Off hand I can only think of three conversion problems afflicting the hobby:

  • Imperial measure and Metric! Many of those brought up on Imperial can't cope with metric and anyone trained in Metric thinks Imperial is bonkers! Although impossible in the UK to avoid working with both, it is worth majoring on one of them. Best to go imperial if your hobby looks to the past due to training, inherited tools, renovation work, or building new from imperial plans. Otherwise, go metric because it's cheaper, imperial sized stock and tooling is gradually becoming harder to find, and new plans are mostly metric, as are most manufactured items.
  • If you do design, moving from 2D isometric drawing to 3D CAD requires a kind of mental backflip and a fair amount of unlearning. Though it's excellent for design and vital if you move into 3D-printing or CNC, most workshops don't need 3D-CAD.
  • Moving from one computer system to another, whether operating system, application or oven timer! Again the problem is the difficulty of unlearning. Anyone who uses a computer is stuck with this one!

Have fun and let us know how you get on.




Edited By SillyOldDuffer on 27/01/2021 09:48:15

Clay Jones27/01/2021 17:35:18
37 forum posts
1 photos

Many thanks for the welcome gents, looking forward to the journey....feels like being an apprentice again!

The cars are a 64 Mk2 Jag and an MGC GT Brian, always been a classic car guy and hopefully will learn some more skills via this forum. Respect to you for taking an Austin 7 to Holland!!

Thank you for the offer of help Geoff, I know Barton quite well, I’m at Woodlands near Lyndhurst. Is there a local ME club near us?

keep safe all and thanks again


Clay Jones27/01/2021 18:57:24
37 forum posts
1 photos

Thank you Tony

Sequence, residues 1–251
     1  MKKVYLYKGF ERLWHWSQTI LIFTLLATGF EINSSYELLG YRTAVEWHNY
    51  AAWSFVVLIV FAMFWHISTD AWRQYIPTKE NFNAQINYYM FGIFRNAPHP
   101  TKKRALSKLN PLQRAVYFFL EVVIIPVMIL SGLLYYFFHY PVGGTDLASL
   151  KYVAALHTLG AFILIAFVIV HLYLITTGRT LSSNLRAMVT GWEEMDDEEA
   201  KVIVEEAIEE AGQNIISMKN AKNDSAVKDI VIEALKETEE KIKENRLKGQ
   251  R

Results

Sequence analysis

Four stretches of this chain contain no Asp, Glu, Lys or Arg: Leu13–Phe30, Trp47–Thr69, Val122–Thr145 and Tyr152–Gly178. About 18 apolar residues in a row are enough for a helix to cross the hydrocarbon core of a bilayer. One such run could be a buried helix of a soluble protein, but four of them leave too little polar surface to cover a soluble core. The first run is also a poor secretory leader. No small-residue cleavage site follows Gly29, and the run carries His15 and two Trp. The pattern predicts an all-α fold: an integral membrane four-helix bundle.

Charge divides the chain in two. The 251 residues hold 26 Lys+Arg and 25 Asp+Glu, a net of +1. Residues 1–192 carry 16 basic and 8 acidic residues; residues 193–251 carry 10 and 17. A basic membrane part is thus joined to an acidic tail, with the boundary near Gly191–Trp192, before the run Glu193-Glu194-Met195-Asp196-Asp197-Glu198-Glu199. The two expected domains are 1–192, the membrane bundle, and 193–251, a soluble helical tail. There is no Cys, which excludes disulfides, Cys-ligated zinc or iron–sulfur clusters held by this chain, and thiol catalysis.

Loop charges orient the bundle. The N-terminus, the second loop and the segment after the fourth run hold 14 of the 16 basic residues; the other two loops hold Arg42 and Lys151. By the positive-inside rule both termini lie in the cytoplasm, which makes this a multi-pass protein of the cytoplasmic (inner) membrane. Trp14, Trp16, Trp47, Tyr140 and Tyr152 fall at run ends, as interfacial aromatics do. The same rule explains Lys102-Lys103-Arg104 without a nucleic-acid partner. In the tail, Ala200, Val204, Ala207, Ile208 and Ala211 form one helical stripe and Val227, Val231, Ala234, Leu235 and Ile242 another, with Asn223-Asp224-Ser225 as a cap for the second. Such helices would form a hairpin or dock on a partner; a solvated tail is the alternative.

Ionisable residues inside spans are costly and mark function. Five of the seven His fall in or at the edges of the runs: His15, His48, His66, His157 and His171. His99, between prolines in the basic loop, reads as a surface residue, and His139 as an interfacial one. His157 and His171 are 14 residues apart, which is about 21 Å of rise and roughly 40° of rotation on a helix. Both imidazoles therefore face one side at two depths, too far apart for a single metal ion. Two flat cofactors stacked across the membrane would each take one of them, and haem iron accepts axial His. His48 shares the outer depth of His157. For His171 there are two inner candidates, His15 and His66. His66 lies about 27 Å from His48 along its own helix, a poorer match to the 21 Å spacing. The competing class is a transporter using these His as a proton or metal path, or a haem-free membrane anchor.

Swarf, Mostly!27/01/2021 18:59:16
676 forum posts
78 photos

Hi there, Clay, welcome.

I'm the other end of Hampshire.

Regarding metalwork vs. woodwork: metal work is usually more neighbour-friendly than woodwork because the cutting speeds are slower. The grain structure of wood also contributes to the noise. My ML7 doesn't make anywhere near the noise level of my 1300 watt Bosch router!!

Mind you, hacksawing sheet metal can get a bit screechy.

Best regards,

Swarf, Mostly!

geoff adams28/01/2021 08:38:21
211 forum posts
201 photos

hi Clay their is a club in Bournemouth they have a track at the Littledown centre opposite the hospital doubt the track is open at the moment


Chris Evans 628/01/2021 09:38:59
2067 forum posts

Welcome along Clay. I tinker with motorcycles so no model making here. I spent 40 years running Series Land Rovers but also restored a few cars, could have done with your skills when remaking an Ash body frame. I am to old and lack the space to do another car but still dream of something from the 1920s/1930s to go with my bikes.

Nick Clarke 328/01/2021 11:36:05
1475 forum posts
64 photos

Welcome Clay -

Apologies but I thought you were a member in New Hampshire ...........

Too far for me to go these days!

Clay Jones28/01/2021 17:28:42
37 forum posts
1 photos

Thanks for the heads up Geoff

Had several bikes Chris including BSA’s and Triumph Bonnie and Tiger, actually learnt to ride after restoring a couple of bikes when I was 40 but this midlife crisis reason to ride was perhaps not the smartest idea and after a couple of near misses I sold the bikes and steered myself fully into the cars and at 59 hopefully many more years tinkering to come.

Thanks Nick, sorry should have worded better.....New Hampshire looks a stunning place to live by the way.